Weatherby A Man For All Seasons


Johnny Weatherby at Royal Ascot with The Queen and her racing manager John Warren | Racing Post Photos

By Emma Berry

It’s impossible to be involved in racing in the British Isles and not to have come across the name Weatherby.

For almost 250 years, generations of the Weatherby family have been at the sport’s core, ever since James Weatherby was appointed secretary of the Jockey Club and Keeper of the Match Book in 1770. The General Stud Book was first published 21 years later, the original record of Thoroughbred racehorses and their lineage which has been emulated the world over.

These days, the family firm Weatherbys still publishes the stud book as well as being racing’s official administrators under licence from the British Horseracing Authority. Johnny Weatherby became the seventh generation of the clan to safeguard the business when being appointed chairman in 1993, having started work at the company in 1979. His brother Roger is a non-executive director of Weatherbys and chief executive of Weatherbys Bank, through which most racehorse owners and breeders in Britain conduct their financial business.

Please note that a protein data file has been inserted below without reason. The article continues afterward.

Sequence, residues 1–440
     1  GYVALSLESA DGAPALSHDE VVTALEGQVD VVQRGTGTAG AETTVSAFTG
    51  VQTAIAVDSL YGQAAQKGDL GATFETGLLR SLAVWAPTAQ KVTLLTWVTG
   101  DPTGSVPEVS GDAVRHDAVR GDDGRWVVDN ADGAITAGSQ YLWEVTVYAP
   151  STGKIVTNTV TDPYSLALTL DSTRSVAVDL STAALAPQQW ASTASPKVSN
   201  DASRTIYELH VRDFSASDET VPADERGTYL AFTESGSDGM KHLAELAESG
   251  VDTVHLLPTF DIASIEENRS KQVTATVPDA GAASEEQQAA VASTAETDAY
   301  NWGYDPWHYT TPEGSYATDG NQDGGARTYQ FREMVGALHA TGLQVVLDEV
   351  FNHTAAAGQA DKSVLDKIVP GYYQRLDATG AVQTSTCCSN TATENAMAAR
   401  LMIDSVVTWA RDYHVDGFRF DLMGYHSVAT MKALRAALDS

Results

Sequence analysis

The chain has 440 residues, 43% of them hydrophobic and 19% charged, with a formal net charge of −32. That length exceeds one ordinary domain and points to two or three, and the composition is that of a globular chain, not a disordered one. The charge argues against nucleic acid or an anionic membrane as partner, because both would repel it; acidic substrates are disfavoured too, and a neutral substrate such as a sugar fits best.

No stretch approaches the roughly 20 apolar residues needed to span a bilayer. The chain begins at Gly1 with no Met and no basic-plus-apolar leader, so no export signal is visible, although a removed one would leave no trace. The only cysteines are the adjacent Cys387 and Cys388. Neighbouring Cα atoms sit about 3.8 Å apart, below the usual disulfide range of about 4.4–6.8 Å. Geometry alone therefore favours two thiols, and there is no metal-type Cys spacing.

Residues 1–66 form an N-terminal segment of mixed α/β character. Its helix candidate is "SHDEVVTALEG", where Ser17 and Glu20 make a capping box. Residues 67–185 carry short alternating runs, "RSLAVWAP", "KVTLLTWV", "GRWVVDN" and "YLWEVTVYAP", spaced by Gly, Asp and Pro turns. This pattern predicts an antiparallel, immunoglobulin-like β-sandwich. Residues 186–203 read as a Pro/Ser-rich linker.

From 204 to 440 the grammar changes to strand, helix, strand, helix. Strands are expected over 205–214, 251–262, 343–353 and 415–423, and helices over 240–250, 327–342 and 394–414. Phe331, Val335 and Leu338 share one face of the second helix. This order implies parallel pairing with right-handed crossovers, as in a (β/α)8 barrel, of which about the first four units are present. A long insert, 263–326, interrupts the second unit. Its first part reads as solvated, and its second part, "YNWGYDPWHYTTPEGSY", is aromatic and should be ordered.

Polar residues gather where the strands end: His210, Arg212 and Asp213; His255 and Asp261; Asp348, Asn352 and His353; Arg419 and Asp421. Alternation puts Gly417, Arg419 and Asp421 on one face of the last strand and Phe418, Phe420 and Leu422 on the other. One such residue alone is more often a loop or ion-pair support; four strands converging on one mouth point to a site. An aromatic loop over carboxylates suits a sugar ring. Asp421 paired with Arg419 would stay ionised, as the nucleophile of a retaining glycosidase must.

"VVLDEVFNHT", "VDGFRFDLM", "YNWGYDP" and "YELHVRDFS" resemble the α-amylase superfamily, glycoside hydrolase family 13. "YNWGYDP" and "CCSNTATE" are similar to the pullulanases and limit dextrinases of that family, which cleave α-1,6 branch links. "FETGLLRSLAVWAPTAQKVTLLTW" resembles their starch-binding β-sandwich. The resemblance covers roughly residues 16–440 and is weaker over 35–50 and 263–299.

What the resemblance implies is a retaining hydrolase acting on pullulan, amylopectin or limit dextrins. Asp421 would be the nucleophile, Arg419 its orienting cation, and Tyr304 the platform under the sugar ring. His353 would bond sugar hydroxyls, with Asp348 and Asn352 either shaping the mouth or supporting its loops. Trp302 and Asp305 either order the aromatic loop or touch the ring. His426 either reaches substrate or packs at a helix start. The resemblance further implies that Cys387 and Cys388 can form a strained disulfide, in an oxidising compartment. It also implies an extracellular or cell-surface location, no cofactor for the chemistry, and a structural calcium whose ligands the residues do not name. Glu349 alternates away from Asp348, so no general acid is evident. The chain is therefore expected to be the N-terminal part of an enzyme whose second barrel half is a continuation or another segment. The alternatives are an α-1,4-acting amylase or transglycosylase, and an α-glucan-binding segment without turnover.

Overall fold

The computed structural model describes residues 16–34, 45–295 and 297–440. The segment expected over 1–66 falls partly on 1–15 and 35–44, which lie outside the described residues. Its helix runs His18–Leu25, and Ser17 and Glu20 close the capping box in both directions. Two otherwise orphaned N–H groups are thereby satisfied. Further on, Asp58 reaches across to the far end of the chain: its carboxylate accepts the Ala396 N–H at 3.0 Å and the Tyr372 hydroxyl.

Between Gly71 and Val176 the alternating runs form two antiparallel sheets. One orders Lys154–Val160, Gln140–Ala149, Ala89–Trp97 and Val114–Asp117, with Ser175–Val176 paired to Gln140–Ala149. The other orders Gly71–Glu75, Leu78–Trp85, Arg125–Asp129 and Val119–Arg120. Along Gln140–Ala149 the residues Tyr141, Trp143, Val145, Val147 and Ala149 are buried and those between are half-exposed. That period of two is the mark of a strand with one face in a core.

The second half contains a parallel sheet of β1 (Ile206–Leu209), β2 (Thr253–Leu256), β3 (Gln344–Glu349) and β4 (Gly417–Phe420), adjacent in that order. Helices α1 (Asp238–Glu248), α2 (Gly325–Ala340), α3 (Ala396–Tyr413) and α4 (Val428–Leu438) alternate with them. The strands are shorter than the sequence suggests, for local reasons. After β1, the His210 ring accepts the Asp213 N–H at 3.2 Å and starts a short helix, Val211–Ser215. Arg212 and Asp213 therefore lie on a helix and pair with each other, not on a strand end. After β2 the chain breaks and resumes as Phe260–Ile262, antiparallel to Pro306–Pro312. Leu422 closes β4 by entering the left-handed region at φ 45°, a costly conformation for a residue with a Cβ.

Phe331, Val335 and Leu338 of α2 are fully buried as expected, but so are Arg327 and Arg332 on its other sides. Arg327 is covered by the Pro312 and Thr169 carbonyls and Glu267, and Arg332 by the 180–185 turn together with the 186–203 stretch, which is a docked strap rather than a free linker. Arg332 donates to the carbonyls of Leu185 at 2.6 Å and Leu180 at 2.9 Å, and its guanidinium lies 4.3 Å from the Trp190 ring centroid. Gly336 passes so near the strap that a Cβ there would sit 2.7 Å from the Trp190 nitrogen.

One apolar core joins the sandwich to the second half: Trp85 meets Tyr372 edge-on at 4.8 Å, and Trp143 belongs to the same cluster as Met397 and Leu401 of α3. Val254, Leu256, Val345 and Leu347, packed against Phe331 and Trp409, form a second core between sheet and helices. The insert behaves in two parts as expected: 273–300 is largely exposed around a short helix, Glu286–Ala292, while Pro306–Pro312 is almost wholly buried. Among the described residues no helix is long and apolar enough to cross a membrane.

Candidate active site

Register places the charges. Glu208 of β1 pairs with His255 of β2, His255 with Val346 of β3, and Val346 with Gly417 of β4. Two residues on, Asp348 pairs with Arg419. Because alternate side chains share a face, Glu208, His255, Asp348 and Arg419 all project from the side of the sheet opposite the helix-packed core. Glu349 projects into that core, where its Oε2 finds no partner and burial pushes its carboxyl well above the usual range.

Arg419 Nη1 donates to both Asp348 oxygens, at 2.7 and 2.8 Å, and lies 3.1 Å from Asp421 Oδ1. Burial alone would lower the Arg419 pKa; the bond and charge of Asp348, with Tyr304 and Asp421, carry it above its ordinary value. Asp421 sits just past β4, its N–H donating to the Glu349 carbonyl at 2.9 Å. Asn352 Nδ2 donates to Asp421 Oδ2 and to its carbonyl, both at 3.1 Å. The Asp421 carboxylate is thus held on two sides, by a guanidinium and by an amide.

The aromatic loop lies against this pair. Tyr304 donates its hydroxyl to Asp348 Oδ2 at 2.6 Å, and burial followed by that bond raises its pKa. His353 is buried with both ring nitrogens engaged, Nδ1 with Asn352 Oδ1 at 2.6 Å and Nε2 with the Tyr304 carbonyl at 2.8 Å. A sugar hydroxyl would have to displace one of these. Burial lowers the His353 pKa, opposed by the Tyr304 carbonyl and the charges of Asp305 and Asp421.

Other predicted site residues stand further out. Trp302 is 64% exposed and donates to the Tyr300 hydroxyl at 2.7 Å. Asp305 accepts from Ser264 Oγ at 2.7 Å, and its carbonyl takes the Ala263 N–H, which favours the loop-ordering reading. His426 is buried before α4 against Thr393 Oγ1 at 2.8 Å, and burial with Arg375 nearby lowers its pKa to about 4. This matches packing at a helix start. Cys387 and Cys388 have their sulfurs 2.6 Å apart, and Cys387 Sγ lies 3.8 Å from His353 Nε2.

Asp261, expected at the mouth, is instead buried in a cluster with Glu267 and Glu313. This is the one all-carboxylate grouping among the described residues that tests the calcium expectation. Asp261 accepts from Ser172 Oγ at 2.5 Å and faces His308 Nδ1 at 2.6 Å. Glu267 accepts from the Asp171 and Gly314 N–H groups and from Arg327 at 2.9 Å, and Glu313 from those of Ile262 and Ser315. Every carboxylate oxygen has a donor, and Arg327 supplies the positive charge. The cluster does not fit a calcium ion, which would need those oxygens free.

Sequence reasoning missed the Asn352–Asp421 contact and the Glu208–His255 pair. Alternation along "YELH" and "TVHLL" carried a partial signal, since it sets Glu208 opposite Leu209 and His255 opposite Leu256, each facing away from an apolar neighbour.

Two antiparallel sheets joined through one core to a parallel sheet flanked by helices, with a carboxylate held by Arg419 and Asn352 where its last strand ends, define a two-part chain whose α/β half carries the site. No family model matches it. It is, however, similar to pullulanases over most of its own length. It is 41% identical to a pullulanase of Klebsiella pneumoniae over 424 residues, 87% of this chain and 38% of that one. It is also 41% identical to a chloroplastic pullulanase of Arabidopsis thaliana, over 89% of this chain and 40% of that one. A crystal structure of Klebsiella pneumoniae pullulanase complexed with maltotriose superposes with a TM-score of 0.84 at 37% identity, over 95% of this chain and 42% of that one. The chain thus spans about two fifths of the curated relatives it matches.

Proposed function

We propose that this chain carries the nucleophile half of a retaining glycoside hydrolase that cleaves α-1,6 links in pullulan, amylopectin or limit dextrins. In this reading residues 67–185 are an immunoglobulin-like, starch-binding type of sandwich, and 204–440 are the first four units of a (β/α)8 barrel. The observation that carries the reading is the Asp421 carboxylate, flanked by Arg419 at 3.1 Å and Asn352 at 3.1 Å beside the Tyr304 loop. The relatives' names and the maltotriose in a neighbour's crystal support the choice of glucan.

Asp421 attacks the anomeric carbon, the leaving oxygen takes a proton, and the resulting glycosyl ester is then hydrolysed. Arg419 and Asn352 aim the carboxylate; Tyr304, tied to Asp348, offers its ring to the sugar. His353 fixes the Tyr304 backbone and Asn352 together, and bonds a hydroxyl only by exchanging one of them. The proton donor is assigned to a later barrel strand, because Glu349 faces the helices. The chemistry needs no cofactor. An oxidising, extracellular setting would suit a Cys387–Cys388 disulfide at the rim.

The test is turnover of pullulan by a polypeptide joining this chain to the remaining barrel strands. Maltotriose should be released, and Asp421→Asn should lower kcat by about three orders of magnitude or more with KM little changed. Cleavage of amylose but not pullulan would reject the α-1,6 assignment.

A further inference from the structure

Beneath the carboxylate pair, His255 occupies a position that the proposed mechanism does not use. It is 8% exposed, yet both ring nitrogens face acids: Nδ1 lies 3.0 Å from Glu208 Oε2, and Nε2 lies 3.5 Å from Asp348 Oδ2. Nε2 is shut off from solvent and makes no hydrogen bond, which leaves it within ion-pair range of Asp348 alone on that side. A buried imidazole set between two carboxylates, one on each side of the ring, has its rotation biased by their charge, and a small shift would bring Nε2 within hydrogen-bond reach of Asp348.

While Roger maintains the family’s wider racing links as senior steward of the Jockey Club, Johnny has an arguably even more prestigious ‘outside’ role as Her Majesty’s representative at Ascot, effectively overseeing the management of Ascot racecourse on behalf of the Queen. With the Flat season looming, plans for this year’s Royal meeting will already be occupying his mind but this week they will be pushed towards the back of it as he turns his attention to Britain’s National Hunt equivalent, the Cheltenham Festival.

As well as being racing’s secretariat and banker, Weatherbys is also involved in insurance, sponsorship and printing, and we will see plenty of evidence of that at Cheltenham this week via the daily racecards and the company’s long-running sponsorship of tomorrow’s Weatherbys Champion Bumper. Johnny Weatherby has a far more visceral interest in this week’s action, however, as breeder, through his Preston Lodge Stud, of Presenting Percy (GB) (Sir Percy {GB}), the red-hot favourite for tomorrow’s G1 RSA Novices’ Chase, and owner-breeder of Red Indian (GB) (Sulamani {Ire}), who lines up for the G3 Coral Cup on the same afternoon.

“It really could be a red-letter day for Preston Lodge Stud,” he admits. “Red Indian’s dam died the day after foaling him so it would be great if the little orphan could spring a surprise.”

While Presenting Percy, who was sold by his breeder as a foal, is returning to Cheltenham a hero, having won the Pertemps Network Final Handicap Hurdle last year, it will be Red Indian’s first Festival appearance, though the Ben Pauling-trained 6-year-old has experienced the course’s famous undulations already and finished a good third over hurdles there in November.